Posted on | September 30, 2009
How sharp are your food-safety skills? Check them against these guidelines provided by the Partnership for Food Safety Education, a coalition of private groups and public agencies.
Before being cooked, chicken should be rinsed thoroughly under running water and patted dry.
FALSE: Rinsing poultry increases the risk that you’ll splatter salmonella and other contaminants around, outweighing the benefits of washing. Your best bet is to cook it until the meat inside is 165 degrees as measured by a food thermometer.
The best way to make sure a hamburger’s safe to eat is to cook it until the inside meat is brown.
FALSE: Cook ground meat just until a food thermometer says it’s 160 degrees. This will also keep you from overcooking your food.
You should wash cantaloupes and other melons before cutting them.
TRUE — and it’s true for any vegetable with a skin or rind, whether you eat it or not. Your knife blade could carry pathogens into the part you eat.
If you eat something suspicious but haven’t fallen ill after 48 hours, you’re in the clear.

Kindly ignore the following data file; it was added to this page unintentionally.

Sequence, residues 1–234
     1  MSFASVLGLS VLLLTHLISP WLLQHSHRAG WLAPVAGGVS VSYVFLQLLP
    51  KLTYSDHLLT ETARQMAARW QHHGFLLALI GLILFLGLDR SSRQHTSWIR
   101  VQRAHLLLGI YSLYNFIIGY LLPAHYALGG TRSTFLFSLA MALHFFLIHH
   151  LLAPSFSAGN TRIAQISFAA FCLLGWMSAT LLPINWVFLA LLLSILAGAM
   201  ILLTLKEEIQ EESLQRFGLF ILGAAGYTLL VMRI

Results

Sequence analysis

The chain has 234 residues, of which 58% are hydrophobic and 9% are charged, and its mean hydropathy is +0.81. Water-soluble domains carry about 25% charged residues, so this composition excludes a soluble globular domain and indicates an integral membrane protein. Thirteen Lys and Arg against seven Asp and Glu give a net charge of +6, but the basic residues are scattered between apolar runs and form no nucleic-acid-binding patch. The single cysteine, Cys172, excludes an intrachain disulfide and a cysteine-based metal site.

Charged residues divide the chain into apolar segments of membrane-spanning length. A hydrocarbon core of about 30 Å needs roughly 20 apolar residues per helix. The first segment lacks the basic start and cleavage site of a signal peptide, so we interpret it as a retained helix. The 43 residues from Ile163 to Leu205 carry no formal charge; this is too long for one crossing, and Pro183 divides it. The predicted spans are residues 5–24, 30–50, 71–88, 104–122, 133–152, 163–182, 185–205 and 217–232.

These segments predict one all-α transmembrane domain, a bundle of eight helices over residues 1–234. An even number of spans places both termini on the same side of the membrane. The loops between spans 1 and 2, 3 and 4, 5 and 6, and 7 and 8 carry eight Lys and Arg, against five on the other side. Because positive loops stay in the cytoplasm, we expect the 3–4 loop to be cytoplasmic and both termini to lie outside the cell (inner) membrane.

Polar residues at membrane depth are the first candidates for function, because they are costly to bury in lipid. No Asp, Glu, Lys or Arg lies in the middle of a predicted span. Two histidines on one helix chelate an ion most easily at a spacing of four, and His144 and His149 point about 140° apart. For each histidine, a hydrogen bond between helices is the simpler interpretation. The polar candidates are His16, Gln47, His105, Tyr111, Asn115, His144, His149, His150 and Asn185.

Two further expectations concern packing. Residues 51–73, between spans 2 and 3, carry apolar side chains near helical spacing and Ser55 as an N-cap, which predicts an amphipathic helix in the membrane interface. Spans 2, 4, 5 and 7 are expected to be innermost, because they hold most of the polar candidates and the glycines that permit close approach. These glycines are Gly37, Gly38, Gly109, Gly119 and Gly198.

FALSE: Incubation periods for food-borne illnesses range from 12 hours to a week or more; listeria can take up to 70 days.
Cutting boards need to be sanitized in the dishwasher or with chlorine bleach.
TRUE: It’s not necessary every day, but the board should be sanitized. Outside the dishwasher, use soap and hot water, then coat it with a solution of one tablespoon of unscented bleach to one gallon of water. Let it stand a few minutes, then rinse and dab dry with paper towel.
You can make sure sprouts aren’t contaminated by rinsing them thoroughly.
FALSE: The seeds from which sprouts sprout are often contaminated with E. coli or salmonella, and even thorough washing won’t help. People with compromised immune systems in particular should avoid eating raw sprouts.
You shouldn’t ever put hot food in the fridge.
FALSE: If you’re not going to eat it right away, you should divide hot food into small portions in shallow containers and stick them in the fridge. Bacteria multiply at temperatures between 40 and about 140 degrees, and food left in that range for more than about two hours is no longer safe to eat.